- Take regular, gentle exercise like walking, swimming and yoga to keep your joints supple while also increasing endorphin production – the feel-good hormone!
- Take a natural supplement, such as GOPO® Joint Health, to help maintain your joint health and improve mood and wellbeing.
- Eat plenty of fresh fruit and vegetables, whole grains, nuts and seeds and at least two portions of oily fish per week – fresh foods and nuts contain antioxidant nutrients that can help reduce inflammation and protect against cell damage and the fish oils can help prevent and manage arthritic conditions.
- Get good sleep. Good quality sleep is suggested to reduce inflammation in the body and thus pain. Create a strict bedtime routine, avoiding electronic devices before bed as well as caffeine and alcohol.
- Do something for yourself! From your favourite hobby, to spending time with friends or even just relaxing with your favourite book can all help alleviate stress and improve mental health.
GOPO® Joint Health
GOPO® has been evaluated in numerous rigorously-conducted, placebo-controlled, clinical trials involving hundreds of patients with difficult-to-treat chronic joint conditions, including osteoarthritis and rheumatoid arthritis6-10. Efficacy results have been consistently positive and evidence supporting the benefits of GOPO® has been presented around the world at numerous clinical meetings and many studies have been published in peer-reviewed journals.
HOW THE GALACTOLIPID, GOPO®, WORKS
Laboratory studies into GOPO® have demonstrated that it can switch off certain genes responsible for producing proteins and enzymes that have been implicated in inflammatory joint destruction and switch on genes that help to produce collagen and cartilage9, which are essential components of a healthy joint. This suggests that when taken long term, the galactolipid GOPO® may protect cartilage cells and help to rebuild joint tissues9.
High levels of the galactolipid GOPO® are found only in GOPO® Joint Health
GOPO® Joint Health is also rich in vitamin C which is essential for normal collagen formation, needed by the body for healthy bones and cartilage.
GOPO® Joint Health is available from Boots, Amazon, supermarkets and independent chemists nationwide and is priced at £19.52 for 120 capsules and £29.60 for 200 capsules.
Visit www.gopo.co.uk for further information.
1. Vergne‐Salle, P, Pouplin, S, Trouvin, AP, et al. The burden of pain in rheumatoid arthritis: Impact of disease activity and psychological factors. Eur J Pain. 2020; 00: 1– 11. https://doi.org/10.1002/ejp.1651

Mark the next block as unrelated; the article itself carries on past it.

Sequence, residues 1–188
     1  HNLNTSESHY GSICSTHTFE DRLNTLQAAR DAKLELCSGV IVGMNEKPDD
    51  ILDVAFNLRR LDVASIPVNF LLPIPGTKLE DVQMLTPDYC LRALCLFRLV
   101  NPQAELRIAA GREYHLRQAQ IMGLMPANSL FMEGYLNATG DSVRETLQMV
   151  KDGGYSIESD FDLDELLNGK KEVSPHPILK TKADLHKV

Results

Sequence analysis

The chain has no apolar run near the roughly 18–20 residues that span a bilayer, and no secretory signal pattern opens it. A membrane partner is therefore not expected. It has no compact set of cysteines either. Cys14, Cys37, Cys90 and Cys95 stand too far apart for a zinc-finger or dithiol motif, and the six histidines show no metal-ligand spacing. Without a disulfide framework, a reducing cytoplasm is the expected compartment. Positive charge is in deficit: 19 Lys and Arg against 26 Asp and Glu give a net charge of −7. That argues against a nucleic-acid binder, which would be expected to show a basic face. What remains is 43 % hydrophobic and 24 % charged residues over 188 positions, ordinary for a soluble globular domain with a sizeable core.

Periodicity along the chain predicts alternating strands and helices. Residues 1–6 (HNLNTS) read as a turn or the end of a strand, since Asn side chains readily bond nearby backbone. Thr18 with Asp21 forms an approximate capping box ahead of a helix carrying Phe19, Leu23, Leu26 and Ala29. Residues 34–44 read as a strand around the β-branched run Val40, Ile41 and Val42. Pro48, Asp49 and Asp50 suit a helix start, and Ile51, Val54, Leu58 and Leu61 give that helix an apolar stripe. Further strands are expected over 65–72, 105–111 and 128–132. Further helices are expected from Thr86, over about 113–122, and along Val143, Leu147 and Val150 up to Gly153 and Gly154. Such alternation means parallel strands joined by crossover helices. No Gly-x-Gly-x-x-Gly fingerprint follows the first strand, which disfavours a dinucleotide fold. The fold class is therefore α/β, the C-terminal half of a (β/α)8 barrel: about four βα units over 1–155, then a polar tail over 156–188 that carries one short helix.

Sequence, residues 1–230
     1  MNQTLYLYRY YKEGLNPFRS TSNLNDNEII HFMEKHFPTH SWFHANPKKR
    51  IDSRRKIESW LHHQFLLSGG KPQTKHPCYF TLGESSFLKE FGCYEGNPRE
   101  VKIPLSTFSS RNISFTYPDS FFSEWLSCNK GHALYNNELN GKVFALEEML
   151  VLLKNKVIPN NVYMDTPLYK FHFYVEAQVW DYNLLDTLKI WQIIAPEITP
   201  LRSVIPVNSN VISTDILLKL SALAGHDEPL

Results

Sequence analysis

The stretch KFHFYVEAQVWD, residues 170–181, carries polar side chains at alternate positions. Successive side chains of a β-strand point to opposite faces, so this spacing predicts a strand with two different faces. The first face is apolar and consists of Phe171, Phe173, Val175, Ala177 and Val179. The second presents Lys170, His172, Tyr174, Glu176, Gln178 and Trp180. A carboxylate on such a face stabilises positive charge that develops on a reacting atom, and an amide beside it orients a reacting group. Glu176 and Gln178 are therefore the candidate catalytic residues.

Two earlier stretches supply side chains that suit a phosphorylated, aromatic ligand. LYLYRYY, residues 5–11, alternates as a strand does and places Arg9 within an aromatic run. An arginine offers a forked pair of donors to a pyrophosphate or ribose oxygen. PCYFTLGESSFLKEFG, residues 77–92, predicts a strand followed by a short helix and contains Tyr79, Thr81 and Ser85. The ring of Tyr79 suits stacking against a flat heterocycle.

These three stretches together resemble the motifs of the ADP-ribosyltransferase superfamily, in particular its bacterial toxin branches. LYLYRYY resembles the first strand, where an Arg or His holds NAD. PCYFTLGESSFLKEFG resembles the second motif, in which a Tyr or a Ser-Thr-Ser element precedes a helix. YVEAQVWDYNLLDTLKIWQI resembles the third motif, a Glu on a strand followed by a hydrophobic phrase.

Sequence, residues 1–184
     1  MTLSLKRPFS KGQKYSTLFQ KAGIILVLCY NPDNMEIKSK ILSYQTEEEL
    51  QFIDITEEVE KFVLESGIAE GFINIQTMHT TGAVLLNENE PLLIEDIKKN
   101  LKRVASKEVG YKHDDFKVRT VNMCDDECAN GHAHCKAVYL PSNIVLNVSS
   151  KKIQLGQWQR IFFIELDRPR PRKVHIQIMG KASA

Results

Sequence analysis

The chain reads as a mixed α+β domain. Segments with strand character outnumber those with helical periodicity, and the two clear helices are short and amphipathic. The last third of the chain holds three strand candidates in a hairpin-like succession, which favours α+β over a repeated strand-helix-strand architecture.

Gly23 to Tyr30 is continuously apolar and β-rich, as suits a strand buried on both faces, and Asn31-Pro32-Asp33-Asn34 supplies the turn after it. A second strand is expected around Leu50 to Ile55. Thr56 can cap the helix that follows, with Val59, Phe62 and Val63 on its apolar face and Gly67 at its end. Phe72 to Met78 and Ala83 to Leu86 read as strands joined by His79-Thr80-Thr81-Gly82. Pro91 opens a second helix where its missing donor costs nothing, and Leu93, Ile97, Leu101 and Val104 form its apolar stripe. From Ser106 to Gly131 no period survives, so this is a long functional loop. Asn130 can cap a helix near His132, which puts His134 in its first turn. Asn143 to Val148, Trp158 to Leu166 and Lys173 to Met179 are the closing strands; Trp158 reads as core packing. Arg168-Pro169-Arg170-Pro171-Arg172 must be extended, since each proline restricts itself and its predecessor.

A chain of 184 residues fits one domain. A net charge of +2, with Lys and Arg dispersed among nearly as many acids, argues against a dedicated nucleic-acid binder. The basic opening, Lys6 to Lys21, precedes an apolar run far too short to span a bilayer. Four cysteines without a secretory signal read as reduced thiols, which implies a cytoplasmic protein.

2. Joint Health of the Nation Report, 2019
3. Wu, Mengjun et al. “Examining the impact of 11 long-standing health conditions on health-related quality of life using the EQ-5D in a general population sample.” The European journal of health economics : HEPAC : health economics in prevention and care vol. 16,2 (2015): 141-51. doi:10.1007/s10198-013-0559-z https://www.ncbi.nlm.nih.gov/pmc/articles/PMC4339694/
5. GOPO® Joint Health Survey, Censuswide, 2017
6. Willich SN, Rossnagel K, Roll S, et al. Rose hip herbal remedy in patients with rheumatoid arthritis – a randomised controlled trial. Phytomedicine. 2010;17(2):87-93. doi:10.1016/j.phymed.2009.09.003
7. Winther, K et al. “A powder made from seeds and shells of a rose-hip subspecies (Rosa canina) reduces symptoms of knee and hip osteoarthritis: a randomized, double-blind, placebo-controlled clinical trial.” Scandinavian journal of rheumatology vol. 34,4 (2005): 302-8. doi:10.1080/03009740510018624
8. Christensen R et al. Does the hip powder of Rose canina (rose-hip) reduce pain in osteoarthritis patients? – a meta-analysis of randomised controlled trials, Osteoarthritis Cartilage (2008)
9. Schwager J, Richard N, Wolfram S. Anti-inflammatory and chondro-protective effects of rose-hip powder and its constituent galactolipids GOPO. Poster presentation at the World Congress of Osteoarthritis (OARSI) 2008
10. Scaife R. The effect of GOPO supplementation on passive joint forces and subjective assessment of pain in a non-arthritic population. Poster presentation at the International Sports Science and Sports Medicine Conference 2013, Newcastle, August 21-23